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Let's say there is a particle moving with 4-velocity $U^{\mu}_{PA}$ in spacetime with respect to observer A and there is another observer B moving with velocity $U^{\mu}_{BA}$. In special relativity, if we wanted to find the velocity of particle with respect to observer B. We would just do Lorentz Transformation. However, in general relativity that is not possible. Sean Carroll in his textbook on general relativity suggests that relative velocity is an ill defined concept. In what context does he mean that?

  1. Is it in general hard to define a 4 velocity of objects in curved spacetime
  2. Or, the general coordinate transformation between observers is not well defined and we can only transform between observers that are close to each other. If so, then aren't we basically trying to setup local Minkowski spacetime (locally inertial frame) to perform the transformation and assuming that to the direction we take. Does this not imply that the particle whose velocity we wanna transform to another observer's frame of reference needs to be close.
  3. What would happen if the observer A, observer B and particle are far away from each other so that we can't setup a locally inertial frame for all of them.

I would like to know the mathematical reasons behind why relative velocity is not well defined in General Relativity. Is it because in curved spacetime velocity of particle and velocity of observer B live in different tangent space.

Edit: I just found that

Gullstrand–Painlevé coordinates are a particular set of coordinates for the Schwarzschild metric – a solution to the Einstein field equations which describes a black hole. The ingoing coordinates are such that the time coordinate follows the proper time of a free-falling observer who starts from far away at zero velocity, and the spatial slices are flat.

But when we talk about Lorentz transformation we are talking about transformation that leaves the metric, as is. However these transformations change the metric tensor.

So, what do we truly mean by relative velocity is ill defined in general relativity? Does it have something to do with the fact that charts are local and velocities defined using coordinate could become ill defined.

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You can always set up locally lorentz frames for any event. You can also define a 4 velocity for any particle trajectory, which takes values in the tangent space at that point. The issue, as you mention, is that they are in different points in space so the velocities live in different tangent spaces. In general, it only makes sense to compare two vectors at the same point. In order to compare vector spaces at different points, you need some invertible linear map between them to identify them. Which identification do you use? The answer is provided by parallel transport/connection. However! The resulting answer depends on the path you use to connect the two points, and curvature measures precisely the amount that these differ with the choice of two paths. The reason it works in special relativity is because the curvature is 0, so it doesn't matter what path we take, we get the same linear transformation.

Technically speaking, even nearby points can't really be compared because there's still multiple paths. You can cheat a bit and make things work either when spacetime is almost flat in the vicinity (as we do here on earth), or you can impose canonical paths e.g. if you're at a point $p$, you can compare with points close enough to $p$ s.t. there is a unique geodesic between them. The issue in this second one is you have to change what "close" means point to point (it'll be smaller at places with more curvature). It's probably better to just abandon the notion of relative velocity at different points.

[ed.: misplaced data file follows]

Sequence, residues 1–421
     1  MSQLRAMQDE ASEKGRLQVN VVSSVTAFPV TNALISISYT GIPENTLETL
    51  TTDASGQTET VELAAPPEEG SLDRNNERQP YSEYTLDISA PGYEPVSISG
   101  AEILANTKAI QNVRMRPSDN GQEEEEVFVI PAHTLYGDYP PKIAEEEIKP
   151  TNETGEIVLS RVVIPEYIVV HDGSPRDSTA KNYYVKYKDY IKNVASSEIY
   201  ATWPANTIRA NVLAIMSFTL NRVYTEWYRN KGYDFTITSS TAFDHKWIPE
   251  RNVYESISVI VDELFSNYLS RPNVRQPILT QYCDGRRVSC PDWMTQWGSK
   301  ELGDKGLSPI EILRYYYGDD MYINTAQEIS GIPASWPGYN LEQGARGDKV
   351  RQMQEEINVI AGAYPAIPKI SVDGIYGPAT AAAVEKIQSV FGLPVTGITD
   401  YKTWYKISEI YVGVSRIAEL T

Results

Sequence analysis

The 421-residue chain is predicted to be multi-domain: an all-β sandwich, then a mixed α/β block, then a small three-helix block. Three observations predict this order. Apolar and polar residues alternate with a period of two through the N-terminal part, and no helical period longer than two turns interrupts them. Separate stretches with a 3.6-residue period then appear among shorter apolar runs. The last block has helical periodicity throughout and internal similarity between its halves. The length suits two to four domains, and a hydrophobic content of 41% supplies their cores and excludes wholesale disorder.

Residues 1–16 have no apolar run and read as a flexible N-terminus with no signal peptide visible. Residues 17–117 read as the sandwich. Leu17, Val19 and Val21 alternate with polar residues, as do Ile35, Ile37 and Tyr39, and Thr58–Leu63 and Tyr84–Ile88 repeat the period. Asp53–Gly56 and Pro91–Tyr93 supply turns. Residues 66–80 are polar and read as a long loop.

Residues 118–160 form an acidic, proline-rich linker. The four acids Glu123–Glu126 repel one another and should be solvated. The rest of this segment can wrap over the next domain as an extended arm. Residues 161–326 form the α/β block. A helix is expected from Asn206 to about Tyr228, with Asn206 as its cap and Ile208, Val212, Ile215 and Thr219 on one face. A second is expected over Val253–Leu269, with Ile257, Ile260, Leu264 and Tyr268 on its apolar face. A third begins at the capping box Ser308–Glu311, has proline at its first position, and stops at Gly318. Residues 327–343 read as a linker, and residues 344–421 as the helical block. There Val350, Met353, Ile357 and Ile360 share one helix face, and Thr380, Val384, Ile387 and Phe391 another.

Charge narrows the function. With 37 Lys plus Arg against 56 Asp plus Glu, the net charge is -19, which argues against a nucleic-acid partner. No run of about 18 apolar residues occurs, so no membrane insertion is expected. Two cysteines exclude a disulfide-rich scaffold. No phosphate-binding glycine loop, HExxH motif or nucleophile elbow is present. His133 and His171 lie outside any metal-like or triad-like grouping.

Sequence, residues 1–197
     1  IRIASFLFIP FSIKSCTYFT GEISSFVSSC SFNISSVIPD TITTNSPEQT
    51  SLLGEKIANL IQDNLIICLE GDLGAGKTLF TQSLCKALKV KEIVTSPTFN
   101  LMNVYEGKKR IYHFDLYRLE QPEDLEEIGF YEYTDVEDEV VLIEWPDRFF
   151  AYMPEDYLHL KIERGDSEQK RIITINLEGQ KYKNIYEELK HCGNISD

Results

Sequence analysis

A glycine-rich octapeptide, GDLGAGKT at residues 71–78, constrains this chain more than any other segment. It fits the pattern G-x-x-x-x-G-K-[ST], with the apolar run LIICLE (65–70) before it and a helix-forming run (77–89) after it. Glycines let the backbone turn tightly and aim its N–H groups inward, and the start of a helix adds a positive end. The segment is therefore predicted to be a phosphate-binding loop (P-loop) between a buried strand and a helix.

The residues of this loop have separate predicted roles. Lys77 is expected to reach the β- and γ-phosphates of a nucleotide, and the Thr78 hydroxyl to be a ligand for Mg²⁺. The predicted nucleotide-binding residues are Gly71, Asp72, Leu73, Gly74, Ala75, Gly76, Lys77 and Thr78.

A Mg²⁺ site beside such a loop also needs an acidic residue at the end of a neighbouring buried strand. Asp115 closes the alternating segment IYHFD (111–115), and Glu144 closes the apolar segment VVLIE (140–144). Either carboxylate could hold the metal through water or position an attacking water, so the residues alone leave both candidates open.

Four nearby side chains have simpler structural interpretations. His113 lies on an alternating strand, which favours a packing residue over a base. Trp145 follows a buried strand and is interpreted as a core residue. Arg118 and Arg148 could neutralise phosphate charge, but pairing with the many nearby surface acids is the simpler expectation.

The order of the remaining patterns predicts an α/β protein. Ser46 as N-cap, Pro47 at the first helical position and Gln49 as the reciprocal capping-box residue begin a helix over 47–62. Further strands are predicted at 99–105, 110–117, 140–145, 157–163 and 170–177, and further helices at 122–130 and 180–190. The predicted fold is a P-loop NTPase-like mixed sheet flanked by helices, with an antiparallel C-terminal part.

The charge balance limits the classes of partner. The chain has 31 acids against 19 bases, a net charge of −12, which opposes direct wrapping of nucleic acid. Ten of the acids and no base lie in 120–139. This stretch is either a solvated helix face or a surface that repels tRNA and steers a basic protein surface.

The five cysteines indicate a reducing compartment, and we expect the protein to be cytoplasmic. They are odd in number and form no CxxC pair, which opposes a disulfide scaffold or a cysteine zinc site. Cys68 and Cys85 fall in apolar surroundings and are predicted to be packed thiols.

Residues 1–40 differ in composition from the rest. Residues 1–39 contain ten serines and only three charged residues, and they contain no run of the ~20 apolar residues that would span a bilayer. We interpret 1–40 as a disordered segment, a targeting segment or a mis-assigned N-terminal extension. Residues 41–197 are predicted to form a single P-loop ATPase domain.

I think for the last question, take a locally lorentz frame at each point along the free fall trajectory and use those coordinates? (However, these are not unique because of lorentz transformations)

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  • $\begingroup$ So it's something like, we have different vectors in different tangent spaces when we are trying to evaluate acceleration but in that case it's remedied by connection term. However when we wanna transform observers, we need to do the transformation and for that we need all the velocities to be in same tangent space so we can transform them into one another but they don't live in same tangent space and connection term is path dependent so there's no unique way to define relative velocity due to this ambiguity. $\endgroup$ Dec 22, 2023 at 18:39
  • $\begingroup$ bit of a run on sentence, but I think yes this is the right idea $\endgroup$ Dec 22, 2023 at 19:28
  • $\begingroup$ But we have coordinate transformations, like PG coordinate describes metric for freely Falling observer. They are derived via coordinate transformation of schwarzschild metric. So, theoretically we could use the transformation to change observer. So again my question is why is relative velocity ill defined? $\endgroup$ Dec 23, 2023 at 16:06
  • $\begingroup$ What are PG coordinates? Sure, there will always be coordinate transformations to compare the tangent space of one coordinate to another, but the issue is that there are many. If you fix some convention for some very particular scenario, then sure you can talk about relative velocity relative to this fixed identification of tangent spaces, but in general, there is no canonical way to identify them at different points. This is why we need connections, but connections only serve to canonically compare infinitesimally close tangent spaces and not far away ones. $\endgroup$ Dec 23, 2023 at 16:48

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